The Ebola virus plays two devastating tricks on the human body. It first disarms the immune defences which are meant to protect against an invading virus. It then dismantles the vascular system, causing internal bleeding and death from the shock of low blood pressure and multiple organ failure.
The virus belongs to a group called the filoviruses because they look like filaments under a powerful microscope, and the species causing the current epidemic in West Africa is called Zaire ebolavirus, which is readily transmitted by direct contact with body fluids.
As soon as the virus enters the body through broken skin or mucous membranes – such as they eyes or nose – it infects the dendritic cells of the body, which are supposed to send signals for the “killer” cells of the immune system to attack and destroy the alien Ebola.
With these signals blocked, however, the Ebola virus is free to replicate and attack other cells of the body. It rapidly does this, causing immense damage to the lining of the blood vessels, causing them to leak. This leads to internal bleeding and, in some patients, bleeding from the eyes, nose, mouth and other orifices.
Once a person shows the first symptoms of Ebola, such as fever, muscle pain, headaches and sore throats, they are themselves infectious. They will remain infectious even after death, which is why corpses have to be handled and buried with extreme care.
The mortality rate from Ebola in confirmed cases is very high, above 70 per cent if there is no proper health care, and possibly below 60 per cent if there is. However, other than rehydration therapy, there are no effective drugs or vaccines, although two are currently undergoing early trials.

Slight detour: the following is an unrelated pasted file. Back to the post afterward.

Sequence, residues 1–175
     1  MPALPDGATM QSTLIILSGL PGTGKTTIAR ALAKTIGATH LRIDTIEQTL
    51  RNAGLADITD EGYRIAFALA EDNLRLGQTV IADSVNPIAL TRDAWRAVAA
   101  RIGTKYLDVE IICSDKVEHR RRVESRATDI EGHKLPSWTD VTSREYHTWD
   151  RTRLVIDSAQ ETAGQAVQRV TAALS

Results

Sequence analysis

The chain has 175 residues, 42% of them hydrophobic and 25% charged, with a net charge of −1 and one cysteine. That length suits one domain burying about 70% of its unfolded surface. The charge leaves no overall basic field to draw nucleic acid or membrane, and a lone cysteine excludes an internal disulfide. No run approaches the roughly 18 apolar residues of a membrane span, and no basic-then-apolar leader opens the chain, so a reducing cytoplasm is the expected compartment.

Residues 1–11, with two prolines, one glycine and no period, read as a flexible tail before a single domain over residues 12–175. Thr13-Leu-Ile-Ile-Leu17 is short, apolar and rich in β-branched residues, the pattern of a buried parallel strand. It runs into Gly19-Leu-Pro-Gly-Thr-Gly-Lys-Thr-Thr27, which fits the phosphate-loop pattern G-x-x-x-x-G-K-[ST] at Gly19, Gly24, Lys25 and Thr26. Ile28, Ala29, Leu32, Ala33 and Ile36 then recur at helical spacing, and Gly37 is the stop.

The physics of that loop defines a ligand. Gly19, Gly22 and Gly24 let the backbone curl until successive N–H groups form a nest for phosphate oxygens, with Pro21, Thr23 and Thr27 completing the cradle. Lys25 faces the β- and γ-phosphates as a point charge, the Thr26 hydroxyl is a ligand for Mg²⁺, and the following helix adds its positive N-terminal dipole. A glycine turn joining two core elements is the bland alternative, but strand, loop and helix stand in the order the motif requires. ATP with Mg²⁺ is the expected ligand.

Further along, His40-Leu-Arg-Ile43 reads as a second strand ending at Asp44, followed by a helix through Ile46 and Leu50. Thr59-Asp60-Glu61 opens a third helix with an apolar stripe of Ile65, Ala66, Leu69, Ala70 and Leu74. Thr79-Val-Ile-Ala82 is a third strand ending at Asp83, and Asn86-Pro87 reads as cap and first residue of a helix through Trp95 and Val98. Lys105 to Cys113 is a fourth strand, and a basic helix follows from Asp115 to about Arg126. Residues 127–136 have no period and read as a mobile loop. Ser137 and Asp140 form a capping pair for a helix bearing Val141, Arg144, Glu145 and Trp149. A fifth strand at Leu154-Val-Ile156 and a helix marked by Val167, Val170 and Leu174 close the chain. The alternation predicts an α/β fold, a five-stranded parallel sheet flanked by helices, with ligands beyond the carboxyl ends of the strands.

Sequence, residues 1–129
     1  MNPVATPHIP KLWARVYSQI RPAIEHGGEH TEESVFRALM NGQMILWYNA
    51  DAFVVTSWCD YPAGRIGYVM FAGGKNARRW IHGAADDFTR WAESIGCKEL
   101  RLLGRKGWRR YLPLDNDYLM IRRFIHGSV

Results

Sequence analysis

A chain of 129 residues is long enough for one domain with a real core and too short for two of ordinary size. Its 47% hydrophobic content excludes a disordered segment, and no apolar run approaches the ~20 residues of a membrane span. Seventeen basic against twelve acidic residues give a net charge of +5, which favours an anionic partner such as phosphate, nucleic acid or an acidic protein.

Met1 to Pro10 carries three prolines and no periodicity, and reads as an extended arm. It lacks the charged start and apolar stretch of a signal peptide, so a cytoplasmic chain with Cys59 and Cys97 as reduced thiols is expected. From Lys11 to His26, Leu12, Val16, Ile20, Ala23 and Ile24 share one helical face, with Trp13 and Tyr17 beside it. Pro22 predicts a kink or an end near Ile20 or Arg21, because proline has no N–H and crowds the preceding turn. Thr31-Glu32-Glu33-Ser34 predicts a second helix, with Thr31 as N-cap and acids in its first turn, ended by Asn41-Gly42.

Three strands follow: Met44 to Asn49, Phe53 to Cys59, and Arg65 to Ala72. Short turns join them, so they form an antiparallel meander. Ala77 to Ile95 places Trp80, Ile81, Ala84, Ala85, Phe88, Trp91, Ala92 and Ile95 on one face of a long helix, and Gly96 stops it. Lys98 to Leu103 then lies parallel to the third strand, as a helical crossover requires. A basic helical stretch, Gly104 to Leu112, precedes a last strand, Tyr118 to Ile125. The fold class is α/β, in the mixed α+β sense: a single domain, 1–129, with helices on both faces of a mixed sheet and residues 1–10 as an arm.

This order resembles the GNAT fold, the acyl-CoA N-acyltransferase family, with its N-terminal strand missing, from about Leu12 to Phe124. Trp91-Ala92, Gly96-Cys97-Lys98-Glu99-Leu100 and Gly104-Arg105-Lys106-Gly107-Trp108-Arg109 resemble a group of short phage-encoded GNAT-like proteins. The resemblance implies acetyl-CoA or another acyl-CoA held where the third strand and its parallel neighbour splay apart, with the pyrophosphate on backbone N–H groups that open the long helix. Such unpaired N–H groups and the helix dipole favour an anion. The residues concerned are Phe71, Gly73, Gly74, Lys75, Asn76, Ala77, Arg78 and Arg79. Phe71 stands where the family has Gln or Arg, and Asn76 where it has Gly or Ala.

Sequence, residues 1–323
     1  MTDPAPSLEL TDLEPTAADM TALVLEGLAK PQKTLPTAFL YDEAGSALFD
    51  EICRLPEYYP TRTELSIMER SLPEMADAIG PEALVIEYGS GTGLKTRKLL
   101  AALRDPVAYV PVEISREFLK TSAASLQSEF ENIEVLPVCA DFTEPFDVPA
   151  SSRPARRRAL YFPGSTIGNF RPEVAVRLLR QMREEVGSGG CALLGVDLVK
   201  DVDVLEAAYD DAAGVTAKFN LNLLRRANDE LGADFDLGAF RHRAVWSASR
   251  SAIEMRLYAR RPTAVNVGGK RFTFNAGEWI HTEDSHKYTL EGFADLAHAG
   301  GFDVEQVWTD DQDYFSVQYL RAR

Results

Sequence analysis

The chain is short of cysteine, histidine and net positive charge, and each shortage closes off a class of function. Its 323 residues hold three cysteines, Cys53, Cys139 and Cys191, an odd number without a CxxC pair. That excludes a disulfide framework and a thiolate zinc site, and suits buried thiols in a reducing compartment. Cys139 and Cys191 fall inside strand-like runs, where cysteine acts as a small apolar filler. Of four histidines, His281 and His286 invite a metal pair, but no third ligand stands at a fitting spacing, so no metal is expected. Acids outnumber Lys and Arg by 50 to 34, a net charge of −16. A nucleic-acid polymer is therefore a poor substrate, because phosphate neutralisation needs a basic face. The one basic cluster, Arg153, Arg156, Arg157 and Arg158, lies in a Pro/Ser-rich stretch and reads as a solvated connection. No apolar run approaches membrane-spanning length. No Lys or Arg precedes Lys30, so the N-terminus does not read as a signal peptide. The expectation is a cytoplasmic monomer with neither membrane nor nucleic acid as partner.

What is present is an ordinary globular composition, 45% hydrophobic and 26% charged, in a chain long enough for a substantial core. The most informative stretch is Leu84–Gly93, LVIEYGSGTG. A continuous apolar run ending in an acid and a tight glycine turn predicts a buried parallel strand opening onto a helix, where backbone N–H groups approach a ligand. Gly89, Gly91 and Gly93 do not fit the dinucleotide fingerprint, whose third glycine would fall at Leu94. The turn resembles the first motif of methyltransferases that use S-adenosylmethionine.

So far in the current epidemic there have been nearly 18,000 reports of Ebola virus disease, and almost 6,400 deaths, affecting three main countries. According to the WHO the incidence is slightly increasing in Guinea, decreasing in Liberia (which has seen the greatest number of deaths at 3,177), and probably stable or slightly increasing in Sierra Leone. The current epidemic is bigger than all previous Ebola epidemics put together in terms of reported cases and deaths. It has also affected a far bigger geographical area than earlier outbreaks.
Fruit bats are probably the natural “reservoir” of Ebola virus, but it also infects other wild animals such as chimpanzees, monkeys and forest antelopes. Humans are thought to become infected first by direct contact with infected bush meat or animals.
Once someone has contracted the virus, they pose a serious risk to their family, friends and health workers attending them. Traditional funeral rites, where bodies are washed before burial, can also spread the virus to mourners.
The WHO recommends that Ebola patients are cared for at specialised health facilities and not at home. The dead have to be buried in sealed body bags to prevent the escape of infectious fluids – the final indignity caused by this virus.
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